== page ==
If there's no way, should I bug Fedora kernel people or lkml about SIGTTOU from
tcsetattr( ) or whatever stty calls?
Comment 10 Bill Nottingham 2006-10-09 14:37:10 EDT
IIRC, things like xterm only start the shell as login shells with a specific
commandline/config option. Of course, gnome-terminal (well, vte) sets iutf8
itself, without worrying about the shell.

You could ask about SIGTTOU, but I'm not 100% sure the current behavior is wrong.
Comment 11 Leszek Matok 2006-10-09 14:52:41 EDT
With gnome-terminal-2.14.2-1 and vte-0.12.2-1.fc5.1 I still need stty iutf8 to
have it enabled. I'll try with FC6 when it's available.
Comment 12 petrosyan 2008-03-13 19:28:32 EDT
Fedora Core 5 and Fedora Core 6 are no longer maintained. Is this bug still
present in Fedora 7 or Fedora 8?
Comment 13 Leszek Matok 2008-03-16 08:02:57 EDT
It seems fixed in F8 and Rawhide, but I have no idea about when and how that got
fixed. It certainly doesn't use stty in lang.{c,}sh, maybe the kernel or glibc
sets the flag upon pty creation now?
Comment 14 Leszek Matok 2008-03-16 08:17:06 EDT
Scratch that - it's NOT fixed, or rather, it's only partly fixed. Previously I
tested gnome-terminal and xterm started from gnome-terminal - both had iutf8
mode enabled. Probably the terminal emulators set the flag when started from
UTF8 environment.

But logging in from tty1 still has the problem, both in F8 and Rawhide (which is
now at F9 beta). This problem is minor in todays GUI world, but I do use the
console, even on my desktop machines (esp. Rawhide ;)).
Comment 15 Bill Nottingham 2008-03-17 11:24:44 EDT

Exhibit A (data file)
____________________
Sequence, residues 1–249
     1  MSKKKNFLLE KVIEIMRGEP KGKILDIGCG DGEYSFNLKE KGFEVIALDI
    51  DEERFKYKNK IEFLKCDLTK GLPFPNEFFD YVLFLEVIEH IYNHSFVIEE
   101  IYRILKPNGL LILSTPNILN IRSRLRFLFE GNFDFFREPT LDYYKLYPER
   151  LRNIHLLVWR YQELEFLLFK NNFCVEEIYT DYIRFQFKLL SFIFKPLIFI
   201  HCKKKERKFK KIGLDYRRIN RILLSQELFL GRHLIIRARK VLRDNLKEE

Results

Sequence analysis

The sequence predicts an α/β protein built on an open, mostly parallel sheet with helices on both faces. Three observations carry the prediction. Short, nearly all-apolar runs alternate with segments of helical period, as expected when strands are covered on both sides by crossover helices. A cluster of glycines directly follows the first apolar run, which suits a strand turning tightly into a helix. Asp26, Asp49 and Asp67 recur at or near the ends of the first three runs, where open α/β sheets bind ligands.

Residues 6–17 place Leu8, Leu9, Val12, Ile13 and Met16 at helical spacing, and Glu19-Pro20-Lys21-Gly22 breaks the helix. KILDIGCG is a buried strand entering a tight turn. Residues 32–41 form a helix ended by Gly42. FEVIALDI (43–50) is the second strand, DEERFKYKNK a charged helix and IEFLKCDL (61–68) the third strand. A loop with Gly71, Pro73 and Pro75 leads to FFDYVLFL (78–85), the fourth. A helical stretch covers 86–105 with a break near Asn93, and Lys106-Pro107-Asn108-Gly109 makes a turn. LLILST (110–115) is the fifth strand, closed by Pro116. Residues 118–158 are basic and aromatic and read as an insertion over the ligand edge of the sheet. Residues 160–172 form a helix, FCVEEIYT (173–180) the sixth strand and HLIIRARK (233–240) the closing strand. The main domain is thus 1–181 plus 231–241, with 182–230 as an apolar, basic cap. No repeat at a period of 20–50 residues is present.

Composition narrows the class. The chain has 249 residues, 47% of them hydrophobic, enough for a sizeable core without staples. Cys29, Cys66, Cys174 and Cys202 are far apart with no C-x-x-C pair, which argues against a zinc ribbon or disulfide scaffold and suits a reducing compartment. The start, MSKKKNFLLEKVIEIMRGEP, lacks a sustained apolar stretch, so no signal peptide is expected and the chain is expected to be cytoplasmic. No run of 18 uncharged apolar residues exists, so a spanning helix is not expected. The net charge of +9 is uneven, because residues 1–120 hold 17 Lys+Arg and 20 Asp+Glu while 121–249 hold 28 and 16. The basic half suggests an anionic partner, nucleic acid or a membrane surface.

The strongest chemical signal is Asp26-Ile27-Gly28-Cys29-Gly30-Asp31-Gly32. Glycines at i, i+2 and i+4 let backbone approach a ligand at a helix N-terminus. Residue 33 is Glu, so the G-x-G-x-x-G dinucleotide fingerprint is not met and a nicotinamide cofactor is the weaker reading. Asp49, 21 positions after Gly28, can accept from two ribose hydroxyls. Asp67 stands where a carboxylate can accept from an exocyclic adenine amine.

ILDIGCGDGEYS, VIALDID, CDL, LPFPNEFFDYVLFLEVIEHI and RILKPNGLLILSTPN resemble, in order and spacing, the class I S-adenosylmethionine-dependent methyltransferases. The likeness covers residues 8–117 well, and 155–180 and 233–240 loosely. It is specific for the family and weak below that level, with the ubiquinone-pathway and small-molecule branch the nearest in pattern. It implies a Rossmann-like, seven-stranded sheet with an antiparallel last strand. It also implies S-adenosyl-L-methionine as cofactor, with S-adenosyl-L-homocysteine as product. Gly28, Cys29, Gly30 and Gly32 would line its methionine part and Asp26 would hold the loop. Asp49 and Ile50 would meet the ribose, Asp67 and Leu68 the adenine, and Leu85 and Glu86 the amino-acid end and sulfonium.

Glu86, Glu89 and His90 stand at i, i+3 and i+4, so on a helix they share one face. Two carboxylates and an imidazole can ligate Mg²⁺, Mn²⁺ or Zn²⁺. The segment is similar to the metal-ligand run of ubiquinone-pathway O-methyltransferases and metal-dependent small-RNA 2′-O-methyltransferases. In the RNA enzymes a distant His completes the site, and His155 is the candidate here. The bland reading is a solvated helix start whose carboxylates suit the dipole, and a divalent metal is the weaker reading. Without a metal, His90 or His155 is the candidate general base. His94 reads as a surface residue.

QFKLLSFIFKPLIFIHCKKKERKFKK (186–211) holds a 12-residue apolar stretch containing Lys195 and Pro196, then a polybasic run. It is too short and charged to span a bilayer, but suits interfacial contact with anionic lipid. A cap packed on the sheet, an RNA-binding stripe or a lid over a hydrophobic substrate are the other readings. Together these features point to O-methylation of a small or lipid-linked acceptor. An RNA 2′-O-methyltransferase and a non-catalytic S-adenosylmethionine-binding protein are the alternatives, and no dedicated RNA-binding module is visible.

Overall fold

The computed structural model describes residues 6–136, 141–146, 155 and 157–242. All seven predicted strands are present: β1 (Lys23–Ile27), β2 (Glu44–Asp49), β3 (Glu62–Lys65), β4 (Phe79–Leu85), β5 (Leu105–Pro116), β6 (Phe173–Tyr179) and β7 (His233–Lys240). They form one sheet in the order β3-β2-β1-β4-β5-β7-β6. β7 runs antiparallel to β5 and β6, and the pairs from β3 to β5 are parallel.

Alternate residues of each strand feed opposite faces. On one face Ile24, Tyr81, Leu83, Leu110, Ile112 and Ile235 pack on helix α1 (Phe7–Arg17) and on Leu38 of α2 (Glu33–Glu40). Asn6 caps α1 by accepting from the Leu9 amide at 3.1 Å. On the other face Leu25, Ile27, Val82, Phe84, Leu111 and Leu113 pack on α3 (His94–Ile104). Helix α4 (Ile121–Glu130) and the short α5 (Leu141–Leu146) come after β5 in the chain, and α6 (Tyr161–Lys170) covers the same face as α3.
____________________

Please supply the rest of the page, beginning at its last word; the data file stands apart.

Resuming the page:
I suspect this really needs fixed in the kernel tty layer.
Comment 16 Chuck Ebbert 2008-03-19 12:13:57 EDT
Shouldn't /bin/login set the correct mode when the user logs on to a terminal?
What could the kernel do here?
Comment 17 Bug Zapper 2008-05-13 22:07:53 EDT
Changing version to '9' as part of upcoming Fedora 9 GA.
More information and reason for this action is here:
http://fedoraproject.org/wiki/BugZappers/HouseKeeping
Comment 18 Alan Cox 2008-07-28 12:01:11 EDT
Reassigning to the login owner, not a kernel problem
Comment 19 Karel Zak 2008-07-30 18:07:44 EDT
I have doubts that login(1) is the right place to set IUTF8. The login(1) does
not setup terminal, it's usually job for {a,min,...}getty program. I see in
mingetty.c:

  * TODO:
  * - Can UTF-8 setup be done within mingetty?

Comment 20 Karel Zak 2008-07-31 04:27:15 EDT
(In reply to comment #14)

> But logging in from tty1 still has the problem, both in F8 and Rawhide
> (which is now at F9 beta). This problem is minor in todays GUI world,
> but I do use the console, even on my desktop machines (esp. Rawhide ;)).

Leszek, I see IUTF8 flags enabled:

	$ tty
	/dev/tty1

	$ stty --all | grep iutf8
	-iuclc -ixany -imaxbel iutf8

[Fedora F9]

Comment 21 Leszek Matok 2008-11-18 17:20:34 EST
You're right - it works on the console as well (just checked with F10).

Anyone knows where the fix lays? :)
Comment 22 Karel Zak 2008-11-24 04:35:19 EST
(In reply to comment #21)
> You're right - it works on the console as well (just checked with F10).

 So we can close this issue, right?
Comment 23 Leszek Matok 2008-11-24 16:04:45 EST
I think so.

But can you say, when and where it got fixed?
Comment 24 Karel Zak 2008-11-25 03:57:18 EST
(In reply to comment #23)
> But can you say, when and where it got fixed?

 Sorry, I have no clue (maybe kernel, init scripts, getty, ...).